Eventually–even as Margaret continues to sleep–John realizes that he needs to stretch his legs. John takes their baby daughter and begins to lay her in her cradle. But then, he smells an odor about her. It is faint, but he suspects its cause. Looking for assistance, John carries his baby daughter to the bed chamber door and looks out into the hallway. Empty. His Stepfather Cameron and his mother and sisters (Fiona and his stepsister Angharad) must have gone downstairs for tea. John looks down at his baby girl who is starting to squirm and make noises. She is uncomfortable and needs changing into a fresh wrapper.
So not wanting to awaken Margaret–because she needs her rest to recover–John walks into their bathing chamber with their baby, hoping that supplies will be at hand. It has been a long time since he changed a baby’s wrapper–since Fanny was a baby. Laying the baby on a double folded soft bath towel on the water basin table, John begins to remove the baby’s swaddling blanket and wrapper.
John: “Baby Thornton, this is your first wrapper change. And your Papa feels quite pleased with himself to be doing the honors.” John lays a fresh wrapper underneath her and cleans her up.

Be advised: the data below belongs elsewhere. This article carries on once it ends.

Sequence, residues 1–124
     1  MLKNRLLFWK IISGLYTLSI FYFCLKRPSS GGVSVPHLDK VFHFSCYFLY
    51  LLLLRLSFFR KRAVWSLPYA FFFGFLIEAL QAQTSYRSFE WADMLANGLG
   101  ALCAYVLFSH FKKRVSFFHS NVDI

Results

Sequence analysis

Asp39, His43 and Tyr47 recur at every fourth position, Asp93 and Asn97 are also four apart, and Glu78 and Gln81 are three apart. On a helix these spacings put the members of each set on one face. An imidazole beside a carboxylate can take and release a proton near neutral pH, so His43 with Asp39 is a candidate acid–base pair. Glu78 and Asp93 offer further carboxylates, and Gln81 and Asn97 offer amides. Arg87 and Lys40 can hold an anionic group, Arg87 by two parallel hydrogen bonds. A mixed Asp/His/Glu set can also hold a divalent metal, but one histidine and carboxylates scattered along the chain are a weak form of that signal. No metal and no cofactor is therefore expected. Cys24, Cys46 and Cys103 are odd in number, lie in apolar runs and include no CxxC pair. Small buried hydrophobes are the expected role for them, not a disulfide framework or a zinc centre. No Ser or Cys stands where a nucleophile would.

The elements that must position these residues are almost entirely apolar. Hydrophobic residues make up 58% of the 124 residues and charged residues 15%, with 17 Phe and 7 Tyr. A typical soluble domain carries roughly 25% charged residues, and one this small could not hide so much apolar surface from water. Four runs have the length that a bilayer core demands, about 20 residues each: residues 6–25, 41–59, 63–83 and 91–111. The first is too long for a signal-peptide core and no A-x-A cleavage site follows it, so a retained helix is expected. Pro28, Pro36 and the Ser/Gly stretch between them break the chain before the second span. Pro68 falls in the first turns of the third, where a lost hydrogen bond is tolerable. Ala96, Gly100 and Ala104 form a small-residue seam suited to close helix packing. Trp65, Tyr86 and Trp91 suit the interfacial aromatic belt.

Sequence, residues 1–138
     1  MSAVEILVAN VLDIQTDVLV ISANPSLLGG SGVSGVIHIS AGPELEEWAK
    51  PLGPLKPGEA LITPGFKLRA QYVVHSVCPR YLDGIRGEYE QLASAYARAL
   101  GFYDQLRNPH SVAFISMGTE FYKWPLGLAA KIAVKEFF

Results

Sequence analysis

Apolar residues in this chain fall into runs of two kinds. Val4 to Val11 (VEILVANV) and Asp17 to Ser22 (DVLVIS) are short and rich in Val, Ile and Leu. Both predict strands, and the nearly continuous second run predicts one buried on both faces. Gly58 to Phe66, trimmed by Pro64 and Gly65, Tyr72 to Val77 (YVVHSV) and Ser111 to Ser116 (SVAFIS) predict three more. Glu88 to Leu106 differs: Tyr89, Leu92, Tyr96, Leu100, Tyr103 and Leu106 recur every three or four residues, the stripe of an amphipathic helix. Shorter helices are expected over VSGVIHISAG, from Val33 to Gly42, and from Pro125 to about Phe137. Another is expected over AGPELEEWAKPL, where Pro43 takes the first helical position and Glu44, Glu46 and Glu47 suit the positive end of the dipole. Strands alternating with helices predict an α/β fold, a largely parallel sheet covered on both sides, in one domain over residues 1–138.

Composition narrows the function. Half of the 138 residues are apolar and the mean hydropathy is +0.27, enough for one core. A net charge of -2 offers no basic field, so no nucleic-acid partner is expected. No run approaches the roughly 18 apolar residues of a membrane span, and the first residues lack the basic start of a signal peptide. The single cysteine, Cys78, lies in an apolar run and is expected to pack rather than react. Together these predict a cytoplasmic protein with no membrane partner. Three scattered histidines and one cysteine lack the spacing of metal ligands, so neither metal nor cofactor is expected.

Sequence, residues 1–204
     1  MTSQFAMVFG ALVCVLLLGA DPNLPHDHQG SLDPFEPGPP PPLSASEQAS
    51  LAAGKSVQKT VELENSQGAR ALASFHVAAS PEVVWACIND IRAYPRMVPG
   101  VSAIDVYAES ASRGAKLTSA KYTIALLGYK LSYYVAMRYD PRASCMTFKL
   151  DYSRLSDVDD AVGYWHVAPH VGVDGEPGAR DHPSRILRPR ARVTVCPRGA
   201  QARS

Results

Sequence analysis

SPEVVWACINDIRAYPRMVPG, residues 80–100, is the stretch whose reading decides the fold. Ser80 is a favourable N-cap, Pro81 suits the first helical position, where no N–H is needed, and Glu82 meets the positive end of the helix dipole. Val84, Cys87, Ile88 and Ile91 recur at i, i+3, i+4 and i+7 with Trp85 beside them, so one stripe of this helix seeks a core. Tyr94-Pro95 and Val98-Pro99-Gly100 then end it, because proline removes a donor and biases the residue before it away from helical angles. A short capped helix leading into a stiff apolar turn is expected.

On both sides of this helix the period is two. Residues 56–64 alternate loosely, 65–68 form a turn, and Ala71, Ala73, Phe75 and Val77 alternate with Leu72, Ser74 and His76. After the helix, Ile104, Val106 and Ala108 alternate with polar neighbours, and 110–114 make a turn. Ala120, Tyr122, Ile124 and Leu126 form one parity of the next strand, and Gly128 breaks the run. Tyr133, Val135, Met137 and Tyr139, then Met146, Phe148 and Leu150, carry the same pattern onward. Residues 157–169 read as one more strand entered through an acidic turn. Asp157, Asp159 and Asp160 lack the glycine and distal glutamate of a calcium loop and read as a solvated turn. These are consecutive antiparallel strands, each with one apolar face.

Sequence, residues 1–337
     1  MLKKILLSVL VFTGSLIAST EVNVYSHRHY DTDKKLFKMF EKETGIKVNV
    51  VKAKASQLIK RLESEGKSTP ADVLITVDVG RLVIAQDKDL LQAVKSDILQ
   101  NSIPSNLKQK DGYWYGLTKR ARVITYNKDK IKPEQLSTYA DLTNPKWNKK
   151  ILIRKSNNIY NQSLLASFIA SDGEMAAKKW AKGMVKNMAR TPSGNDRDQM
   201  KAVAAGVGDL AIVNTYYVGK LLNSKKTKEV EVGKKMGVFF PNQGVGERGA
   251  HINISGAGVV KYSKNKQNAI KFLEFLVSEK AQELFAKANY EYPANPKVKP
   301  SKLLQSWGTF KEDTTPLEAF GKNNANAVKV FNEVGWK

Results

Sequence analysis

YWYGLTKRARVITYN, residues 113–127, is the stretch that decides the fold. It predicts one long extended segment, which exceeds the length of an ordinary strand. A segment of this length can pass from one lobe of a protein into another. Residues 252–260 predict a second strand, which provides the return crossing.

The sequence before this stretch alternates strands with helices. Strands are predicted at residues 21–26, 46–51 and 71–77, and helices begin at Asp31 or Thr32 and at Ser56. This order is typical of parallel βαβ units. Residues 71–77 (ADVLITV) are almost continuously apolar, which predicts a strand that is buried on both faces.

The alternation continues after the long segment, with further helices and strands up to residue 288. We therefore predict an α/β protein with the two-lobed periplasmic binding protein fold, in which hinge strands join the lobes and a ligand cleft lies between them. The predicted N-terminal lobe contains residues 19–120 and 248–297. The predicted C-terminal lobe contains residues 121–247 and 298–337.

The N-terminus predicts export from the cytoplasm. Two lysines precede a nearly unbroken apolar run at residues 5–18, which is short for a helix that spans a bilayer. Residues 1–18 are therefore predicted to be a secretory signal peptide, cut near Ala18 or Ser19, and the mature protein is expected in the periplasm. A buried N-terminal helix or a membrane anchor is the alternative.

Baby Girl Thornton: The baby sighs. “Hhhh!” Then, of course, Baby Thornton leaks some more onto her new wrapper. She smiles contentedly.
John: “Uh oh! I didn’t remember that happening. I suppose I need to replace this new wrapper for you now as well. Don’t I?” He hovers over her.
John smiles in chagrin as he removes the now soiled new wrapper, cleans her up again, and puts a fresh wrapper on her. She looks up at him contentedly [(3) right]. His baby has already received two wrapper changes from her Papa, when most fathers do not change any, let alone know what a wrapper is. Reswaddling her in the still clean blanket–a blessing John thinks–he returns to his and Margaret’s guest bed chamber at Airlie Castle.
There is a soft knock on their bed chamber door.
Maid: Speaking softly so as not to awaken anyone. “Begging yourrr parrrdon, Mrrr. Thorrrton, Sirrr. Lady Airrrlie sends me with a dinnerrr trrray forrr you and Mrs. Thorrrnton.”
John: At first, John has to think who Lady Airlie is. She is his mother, Hannah Thornton Ogilvy, of course. “Ah! Thank you.”
John strides toward the door and opens it. The maid looks up at him in astonishment–John Thornton, Master of the Mills–is holding his baby in one arm with ease, his jacket and cravat are not on his person, nor is he wearing shoes. But blessedly thinks the maid, he is wearing socks. It would not do for a maid to see Lord Airlie’s guests bare feet.
Maid: Regaining her senses after being distracted by John Thornton’s informal attire, the Maid asks. “Wherrre shall I put yourrr dinnerrr trrray forrr ye?”
John: Shifting his daughter in his arms, he points toward the window area and speaks in a low volume. “Please set the tray down on the writing desk. It might be some time before my wife awakens and wishes to eat.”